The Communist Party of Canada (Ontario) addressed this in a recent statement. “At a time when capitalist governments around the world are spending trillions to bail out the banks and keep stock prices high, a few billion for safe education pales in comparison … Pandemic or no pandemic, they are committed to cutting funds to public education and introducing further privatization of education at all levels. Doug Ford is opposed to smaller class sizes, even as a temporary measure, because the capitalist class he represents is opposed to public education.”

In 2019, the Ford government tried to increase class sizes which would have resulted in 25 percent fewer teaching jobs over a three year period. Additionally, they tried to bring in four mandatory online courses per student, which would have meant more layoffs and a further deterioration of the quality of education.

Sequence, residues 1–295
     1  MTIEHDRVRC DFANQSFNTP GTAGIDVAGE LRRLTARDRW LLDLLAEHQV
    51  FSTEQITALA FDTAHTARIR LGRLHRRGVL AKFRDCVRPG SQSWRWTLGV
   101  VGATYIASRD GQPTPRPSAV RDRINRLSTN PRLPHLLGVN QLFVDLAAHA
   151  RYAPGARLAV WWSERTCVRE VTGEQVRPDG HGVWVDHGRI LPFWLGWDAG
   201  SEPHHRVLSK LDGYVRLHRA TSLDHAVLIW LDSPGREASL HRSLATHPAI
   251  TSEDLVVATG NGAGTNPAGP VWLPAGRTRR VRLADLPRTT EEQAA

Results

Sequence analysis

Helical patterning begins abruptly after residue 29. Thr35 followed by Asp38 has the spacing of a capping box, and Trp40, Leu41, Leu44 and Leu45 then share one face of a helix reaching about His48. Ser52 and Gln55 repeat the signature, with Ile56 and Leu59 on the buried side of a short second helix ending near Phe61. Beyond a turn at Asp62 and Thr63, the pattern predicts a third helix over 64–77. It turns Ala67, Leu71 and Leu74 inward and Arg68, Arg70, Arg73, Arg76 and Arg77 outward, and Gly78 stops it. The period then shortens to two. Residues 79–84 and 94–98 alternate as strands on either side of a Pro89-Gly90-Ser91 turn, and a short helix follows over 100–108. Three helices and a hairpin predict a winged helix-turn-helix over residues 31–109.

The Communist Party sees the current struggle as being tied not only to last year’s attack on public education, but to decades of underfunding and privatization. “Just as COVID-19 underlined the massive damage done to the healthcare sector through decades of capitalist austerity this spring, the pandemic is now highlighting the real costs to the cuts to education this fall. Large class sizes, poor ventilation and deferred maintenance are all symptoms of the underlying problem: Ontario’s public education system has been starved. Students will continue to suffer until there is a new, needs-based funding formula to provide adequate and guaranteed funding, from provincial general revenues, to public schools and education programs.”

Last winter’s rotating strikes by teachers have not been forgotten. Education workers and their unions managed to build broad public support in their fight against the government and this resulted in the defeat of many of the worst attacks, despite the strikes being stopped by the onset of the pandemic.

As students and teachers head back to class, the struggle for students’ learning conditions and teachers’ working conditions are now intertwined with the health of us all.